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A half gallon of milk (in the paper carton, not plastic) got left in the car for 1.5 hours in about 80 degree (~27 °C) weather (evening so no direct sunlight). Is it still probably safe to eat if one has a strong stomach or pretty risky? Any particular signs to watch for to indicate it is no longer safe? Carton bulging? Off smell? Etc? How quickly will milk spoil (unopened) in warm summer weather like that?

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Guess I forgot to mention: regular old pasteurized milk –  Jessica Brown Aug 10 '12 at 14:43

5 Answers 5

up vote 13 down vote accepted

I don't think anything will be wrong with that milk.

  1. If it's fresh milk, which I doubt, you should consume it in less than three days.
  2. If it's pasteurized milk, which is much more likely, it'll be unaffected.

Signs of spoilage are a sour smell and sour taste. You should make a habit of always smelling your milk (food) before drinking (eating) it. If it doesn't smell like you'd expect, taste it. If it doesn't taste like you'd expect, ditch it.

Milk is cultivated with lactobacillus, a bacteria that's beneficial for us. So, even though milk may taste sour, it doesn't mean that it's undrinkable. In Holland, there's sour-milk (karnemelk), that some people consume (I don't like it, myself).

Under the right circumstances, milk will turn into yogurt, thanks to the lactobacillus...

At any rate, if in doubt, throw it out.

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I agree with your advice. In my experience even if there might be a slight something-more-than-nothing smell on milk which has passed the expiry date (with some significant time), there might be absolutely no taste difference. –  hlovdal Aug 12 '12 at 22:58
    
+1: Got that right :) –  Divi Aug 13 '12 at 9:29

Whatever kind of milk it is, it should be OK for a couple of days, and it will still be usable for most purposes when it has developed a slight sour smell.

When I was young we didn't have a fridge, milk would last a day and a half to two days in hot weather, longer if the bottle was wrapped in wet newspaper. The first sign that it is going off - you notice floating white specks when you put a splash of milk in your tea or coffee. Then you notice a slight off sour smell. The milk is still useful, but close to the point of curdling.

It never gets dangerous, just doesn't do what you expect after it has curdled.

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@Divi, please don't ever post the "follow your nose" advice again. Refer to our food-safety wiki. You can't smell most forms of spoilage; if it smells bad then it probably is, but that doesn't work in reverse. –  Aaronut Aug 12 '12 at 18:36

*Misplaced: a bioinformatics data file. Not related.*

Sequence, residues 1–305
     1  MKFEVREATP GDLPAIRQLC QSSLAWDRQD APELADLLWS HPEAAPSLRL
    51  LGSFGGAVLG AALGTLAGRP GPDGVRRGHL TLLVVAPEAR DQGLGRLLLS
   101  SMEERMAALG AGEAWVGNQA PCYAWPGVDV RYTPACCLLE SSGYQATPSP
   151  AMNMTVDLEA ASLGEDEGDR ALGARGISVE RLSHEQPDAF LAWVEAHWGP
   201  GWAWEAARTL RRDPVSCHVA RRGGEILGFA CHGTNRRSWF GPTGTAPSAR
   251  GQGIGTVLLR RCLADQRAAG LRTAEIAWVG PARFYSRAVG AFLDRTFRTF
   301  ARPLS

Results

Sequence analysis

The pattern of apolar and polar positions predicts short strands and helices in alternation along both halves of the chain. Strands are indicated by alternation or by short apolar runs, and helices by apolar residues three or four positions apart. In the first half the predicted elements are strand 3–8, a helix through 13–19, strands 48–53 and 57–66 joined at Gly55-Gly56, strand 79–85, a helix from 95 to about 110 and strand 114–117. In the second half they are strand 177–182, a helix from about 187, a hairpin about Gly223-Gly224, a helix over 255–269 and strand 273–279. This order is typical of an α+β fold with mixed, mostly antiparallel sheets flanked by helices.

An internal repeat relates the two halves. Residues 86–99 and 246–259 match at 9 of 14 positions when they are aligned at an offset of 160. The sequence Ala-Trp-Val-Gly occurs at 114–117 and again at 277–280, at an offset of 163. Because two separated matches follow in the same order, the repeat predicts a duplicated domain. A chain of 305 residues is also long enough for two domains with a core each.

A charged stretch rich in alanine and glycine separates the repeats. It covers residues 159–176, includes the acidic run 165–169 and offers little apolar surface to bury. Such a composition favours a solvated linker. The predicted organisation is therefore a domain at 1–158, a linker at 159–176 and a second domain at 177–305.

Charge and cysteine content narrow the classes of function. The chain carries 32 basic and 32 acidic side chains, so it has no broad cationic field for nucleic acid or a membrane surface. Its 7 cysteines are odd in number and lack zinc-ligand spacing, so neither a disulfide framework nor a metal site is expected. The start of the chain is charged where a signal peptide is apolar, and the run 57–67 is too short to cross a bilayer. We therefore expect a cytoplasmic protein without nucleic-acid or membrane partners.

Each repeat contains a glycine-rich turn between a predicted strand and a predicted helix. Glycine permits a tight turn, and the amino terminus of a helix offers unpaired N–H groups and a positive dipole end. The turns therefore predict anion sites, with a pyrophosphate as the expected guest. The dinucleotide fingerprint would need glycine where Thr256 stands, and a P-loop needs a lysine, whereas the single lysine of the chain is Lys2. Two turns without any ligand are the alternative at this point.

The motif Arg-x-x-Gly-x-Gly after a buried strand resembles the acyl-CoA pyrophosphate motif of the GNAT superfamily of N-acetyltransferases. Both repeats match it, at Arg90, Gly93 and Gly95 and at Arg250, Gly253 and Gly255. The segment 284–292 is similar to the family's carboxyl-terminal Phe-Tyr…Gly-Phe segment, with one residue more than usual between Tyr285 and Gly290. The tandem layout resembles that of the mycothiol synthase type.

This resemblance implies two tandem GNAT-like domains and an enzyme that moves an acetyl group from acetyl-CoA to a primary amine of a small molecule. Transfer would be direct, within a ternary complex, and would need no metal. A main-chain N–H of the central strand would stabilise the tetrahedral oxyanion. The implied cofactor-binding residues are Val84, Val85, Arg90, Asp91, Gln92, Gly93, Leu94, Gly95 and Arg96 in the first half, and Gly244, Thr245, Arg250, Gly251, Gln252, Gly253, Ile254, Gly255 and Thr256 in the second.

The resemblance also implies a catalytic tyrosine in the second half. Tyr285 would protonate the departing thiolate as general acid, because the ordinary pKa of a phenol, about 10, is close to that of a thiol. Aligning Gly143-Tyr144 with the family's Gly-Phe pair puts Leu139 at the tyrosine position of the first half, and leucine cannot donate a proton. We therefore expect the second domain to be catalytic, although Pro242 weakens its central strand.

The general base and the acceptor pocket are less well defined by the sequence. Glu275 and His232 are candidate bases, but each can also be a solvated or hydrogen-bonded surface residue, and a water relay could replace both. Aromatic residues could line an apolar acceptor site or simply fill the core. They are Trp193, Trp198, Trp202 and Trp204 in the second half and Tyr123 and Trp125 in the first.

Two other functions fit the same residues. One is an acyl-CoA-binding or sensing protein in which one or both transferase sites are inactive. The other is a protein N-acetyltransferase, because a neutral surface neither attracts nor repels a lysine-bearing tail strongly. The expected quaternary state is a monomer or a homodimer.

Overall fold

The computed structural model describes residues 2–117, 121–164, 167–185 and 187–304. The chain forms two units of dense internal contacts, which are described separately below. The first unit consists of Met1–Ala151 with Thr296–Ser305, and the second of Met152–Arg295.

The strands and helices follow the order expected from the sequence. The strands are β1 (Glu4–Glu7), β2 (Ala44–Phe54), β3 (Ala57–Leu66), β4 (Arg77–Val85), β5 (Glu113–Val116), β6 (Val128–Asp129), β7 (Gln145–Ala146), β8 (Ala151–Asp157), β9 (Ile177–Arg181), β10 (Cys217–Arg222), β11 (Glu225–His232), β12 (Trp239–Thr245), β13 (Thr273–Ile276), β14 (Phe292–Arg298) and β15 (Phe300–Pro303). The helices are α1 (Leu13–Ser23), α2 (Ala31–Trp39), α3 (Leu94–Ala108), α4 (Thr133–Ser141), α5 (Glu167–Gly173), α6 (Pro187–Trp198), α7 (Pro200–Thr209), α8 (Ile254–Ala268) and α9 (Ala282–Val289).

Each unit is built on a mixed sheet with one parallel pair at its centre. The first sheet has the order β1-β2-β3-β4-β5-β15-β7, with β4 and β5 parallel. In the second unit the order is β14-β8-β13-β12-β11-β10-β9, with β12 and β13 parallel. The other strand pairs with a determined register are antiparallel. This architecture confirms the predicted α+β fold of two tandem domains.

+1: Good answer, there are so many ways to see when its gone bad and at least with milk whenever in doubt, follow your nose :) –  Divi Aug 13 '12 at 9:21
    
@Aaronut: Agreed and I fixed my comment. –  Divi Aug 13 '12 at 9:28

I like milk in any state. 1.5 hours for in paper carton would do no harm for pasteurized milk. It takes 2 or 3 days for milk to go sour. First it becomes of sour taste, being still liquid. It's safe to drink it, but it's not tasty. Wait until it become curdled, and either drink it, or warm in a pot (but not boil), filter out thrusting, an you'll get nice farmer cheese. It is good alone, or mixed with sour cream.

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i left 1 qt non fat and 1 gal full fat milk in my car from fri. afternoon to sat. p.m. I live in Los Angeles and it was probably abt 75 degrees during sat. The milk was far down in the back of my van (probably not in direct sunlite). I quickly tasted it when I retrieved it from the car 7:00 p.m Other than being warm, it was not sour. The next day (cold of course) it tastes just fine. (I did not taste the full fat yet b/c I don't drinkk that in general.) My feeling is that I've only limited the "shelf life" of the milk in my own fridge. mf

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depending on the pasteurization process used, milk can spoil (= be full of nasty bacteria) without going sour. –  rumtscho Feb 18 at 12:19

Milk, being left out that first time takes quite a long time to go sour. But put it back in the refrigerator after being left out for a long time and take it out again, and it will go sour very quickly. In other words, it can be left out 'once'...but not twice.

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Based on observing my neighbor's kids fixing themselves cereal (and not bothering to put the milk back), I have different evidence. As with other issues of bugs multiplying, it's not an issue of how long for each time ... it's cumulative amount of time that they've had to multiply, and you must've hit that threshold on your second time (although, it's not a simple threshold ... just consider it a metaphor). –  Joe Mar 24 at 19:55

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